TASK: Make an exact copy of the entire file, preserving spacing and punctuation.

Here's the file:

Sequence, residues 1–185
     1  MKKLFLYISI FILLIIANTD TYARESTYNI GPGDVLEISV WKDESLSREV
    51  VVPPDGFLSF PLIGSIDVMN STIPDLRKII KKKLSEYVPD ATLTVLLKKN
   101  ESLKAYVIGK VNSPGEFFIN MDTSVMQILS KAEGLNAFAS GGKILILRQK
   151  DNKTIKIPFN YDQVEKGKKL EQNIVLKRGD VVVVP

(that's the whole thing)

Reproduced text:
Sequence, residues 1–185
     1  MKKLFLYISI FILLIIANTD TYARESTYNI GPGDVLEISV WKDESLSREV
    51  VVPPDGFLSF PLIGSIDVMN STIPDLRKII KKKLSEYVPD ATLTVLLKKN
   101  ESLKAYVIGK VNSPGEFFIN MDTSVMQILS KAEGLNAFAS GGKILILRQK
   151  DNKTIKIPFN YDQVEKGKKL EQNIVLKRGD VVVVP